Modi’s India turns the corner after Pulwama

   By Ravi Shanker Kapoor ,  27-Feb-2019
 Modi’s India turns the corner after Pulwama

The message to Islamabad is that the export of terror will not be without cost.

The strike that the Indian Air Force carried out in the wee hours of February 26 deep into Pakistan makes New Delhi’s intention loud and clear: export of terror will not be without cost for Islamabad. Prime Minister Narendra Modi has also been true to his word; he has demonstrated that he has the will to punish the perpetrators of terror.

The details of the air strike and the damage it caused can be, and are, disputed by the Pakistanis; what is indisputable, though, is that it was done—for the first time since 1971. Further, unlike in the case of the surgical strikes in September 2016, Pakistan has accepted an attack. “Indian Air Force violated Line of Control. Pakistan Air Force immediately scrambled. Indian aircrafts (sic) gone back. Details to follow,” tweeted the Pakistani army spokesperson Major General Asif Ghafoor at 5.12 am. Its Foreign Minister Shah Mehmood Qureshi also called the strike an act of “grave aggression” that would be given a “befitting response.”

Pakistani spy drone in Abdasa village, in Kutch, Gujarat was shot down by #IndianArmy . Army and police personnel present at the spot. #PoK #Balakot #Pakisatn #SurgicalStrike @adgpi pic.twitter.com/dKwMoaW9hm

— Power Corridors (@power_corridors) February 26, 2019

Everybody is guessing what that response would be, for India has made it clear that its action was neither against Pakistan nor its armed forces. In fact, Foreign Secretary Vijay Gokhale called it a “non-military preemptive action [that] was specifically targeted at the JeM [Jaish-e-Mohammad] camp.”

In his statement, he went on to say, “This organization, which is proscribed by the UN, has been responsible of a series of terrorist attacks including on the Indian Parliament in December 2001 and the Pathankot airbase in January 2016.”

Information regarding the location of training camps in Pakistan and PoJK has been provided to Pakistan from time to time, he said, adding that Pakistan denied it very existence. “In this operation, a very large number of JeM terrorists, trainers, senior commanders and groups of jihadis who were being trained for fidayeen action were eliminated. This facility at Balakot was headed by Maulana Yousuf Azhar, alias Ustad Ghouri), the brother-in-law of Massod Azhar, Chief of JeM.”

Later, up to 350 fidayeen and their trainers were reportedly killed in the attack. They were “shifted from Pakistan-occupied Kashmir (PoK) to a five-star, resort style camp in a hilltop forest in Balakot after the Pulwama attack, providing Indian forces with ‘a sitting duck target’ when they carried out an air strike early Tuesday,” a PTI report said.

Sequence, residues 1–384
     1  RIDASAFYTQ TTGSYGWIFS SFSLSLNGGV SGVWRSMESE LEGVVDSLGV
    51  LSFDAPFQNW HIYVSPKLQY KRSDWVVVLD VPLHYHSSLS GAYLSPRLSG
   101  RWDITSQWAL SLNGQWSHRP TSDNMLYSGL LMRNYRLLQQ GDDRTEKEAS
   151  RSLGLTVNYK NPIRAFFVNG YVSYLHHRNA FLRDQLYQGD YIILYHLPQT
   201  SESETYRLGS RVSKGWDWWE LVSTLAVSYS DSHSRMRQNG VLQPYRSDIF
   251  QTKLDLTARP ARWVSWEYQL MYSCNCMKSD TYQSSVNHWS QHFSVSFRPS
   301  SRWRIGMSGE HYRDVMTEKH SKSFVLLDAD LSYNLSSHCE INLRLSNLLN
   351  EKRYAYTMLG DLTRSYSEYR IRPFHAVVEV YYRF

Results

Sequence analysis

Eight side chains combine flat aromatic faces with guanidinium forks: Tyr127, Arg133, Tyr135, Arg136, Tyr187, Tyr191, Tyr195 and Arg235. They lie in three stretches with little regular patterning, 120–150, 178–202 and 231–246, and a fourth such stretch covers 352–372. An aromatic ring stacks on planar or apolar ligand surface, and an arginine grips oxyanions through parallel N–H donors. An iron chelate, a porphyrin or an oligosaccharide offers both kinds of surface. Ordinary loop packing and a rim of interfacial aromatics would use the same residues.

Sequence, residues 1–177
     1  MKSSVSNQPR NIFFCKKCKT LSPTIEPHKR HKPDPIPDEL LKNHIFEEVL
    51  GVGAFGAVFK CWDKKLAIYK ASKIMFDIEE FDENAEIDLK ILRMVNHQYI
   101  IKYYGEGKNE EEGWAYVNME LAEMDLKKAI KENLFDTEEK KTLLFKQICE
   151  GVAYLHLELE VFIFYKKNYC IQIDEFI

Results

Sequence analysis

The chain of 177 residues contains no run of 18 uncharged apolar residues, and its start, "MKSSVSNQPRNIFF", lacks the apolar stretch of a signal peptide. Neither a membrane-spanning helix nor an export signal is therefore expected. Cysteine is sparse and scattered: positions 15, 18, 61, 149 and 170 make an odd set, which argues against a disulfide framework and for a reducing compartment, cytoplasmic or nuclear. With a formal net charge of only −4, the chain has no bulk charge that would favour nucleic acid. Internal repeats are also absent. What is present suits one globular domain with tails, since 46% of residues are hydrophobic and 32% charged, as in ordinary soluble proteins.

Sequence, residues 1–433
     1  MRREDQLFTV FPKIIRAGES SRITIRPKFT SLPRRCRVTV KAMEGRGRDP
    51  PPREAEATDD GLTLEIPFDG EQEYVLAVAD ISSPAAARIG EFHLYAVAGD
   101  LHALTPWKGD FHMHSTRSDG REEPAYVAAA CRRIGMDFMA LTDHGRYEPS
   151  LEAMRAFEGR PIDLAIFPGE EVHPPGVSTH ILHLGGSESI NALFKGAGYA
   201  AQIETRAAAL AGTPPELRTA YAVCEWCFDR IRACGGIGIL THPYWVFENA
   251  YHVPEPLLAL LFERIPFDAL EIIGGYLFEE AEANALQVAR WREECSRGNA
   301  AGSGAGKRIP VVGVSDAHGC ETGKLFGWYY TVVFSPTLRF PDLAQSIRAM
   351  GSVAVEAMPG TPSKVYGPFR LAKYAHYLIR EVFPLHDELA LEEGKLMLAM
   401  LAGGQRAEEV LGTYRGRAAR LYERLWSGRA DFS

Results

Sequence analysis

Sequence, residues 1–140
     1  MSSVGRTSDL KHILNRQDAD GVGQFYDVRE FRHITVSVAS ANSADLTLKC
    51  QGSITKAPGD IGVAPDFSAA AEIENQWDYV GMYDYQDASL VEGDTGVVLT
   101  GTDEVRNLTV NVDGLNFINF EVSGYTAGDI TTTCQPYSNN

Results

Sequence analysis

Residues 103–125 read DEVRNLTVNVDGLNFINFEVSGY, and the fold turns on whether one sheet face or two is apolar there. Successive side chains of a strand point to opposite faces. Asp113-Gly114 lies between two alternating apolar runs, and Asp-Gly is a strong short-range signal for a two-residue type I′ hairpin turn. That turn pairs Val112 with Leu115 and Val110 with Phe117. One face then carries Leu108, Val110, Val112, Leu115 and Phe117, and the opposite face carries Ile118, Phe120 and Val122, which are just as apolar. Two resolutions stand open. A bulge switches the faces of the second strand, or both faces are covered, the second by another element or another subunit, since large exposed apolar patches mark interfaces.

It was the JeM’s biggest camp. The jihadist outfit had owned up the February 14 suicide attack on a CRPF convoy at Pulwama in Kashmir that killed over 40 jawans. “Everyone at the camp was sleeping and Pakistani defence establishment had no clue that the attack was coming so deep into their country because they had expected a surgical strike on camps in Pakistan Occupied Kashmir near the Line of Control,” said the PTI report quoting sources.

What the Modi government has done is break the shackles that India wore on its own volition. The doctrine that New Delhi followed under various regimes was simple: nothing should be done to violate the territorial integrity of Pakistan, whatever may be the provocation.

It aided, abetted, and armed Khalistani militants; we sent our Army to fight the militants in the holiest Sikh shrine and damaged part of it, but did nothing against Pakistan. It fomented militancy in Kashmir, blatantly and brazenly helped the jihadists in the Valley, but we did nothing to penalize it. The notorious ISI created terror infrastructure and human resources to be sent to India to slaughter of citizens and soldiers, bomb our cities, and attack our Parliament, but we did little more than condemn their actions and appeal to the world to make Islamabad see reason.

The February 26 strike has proved that India has turned the corner. Whatever may be the trigger—the gravity of the Pulwama attack or Modi’s desire to flaunt muscular nationalism in the run-up to the general election—the point is that he has dared to undermine Islamabad’s India policy of death by a thousand cuts.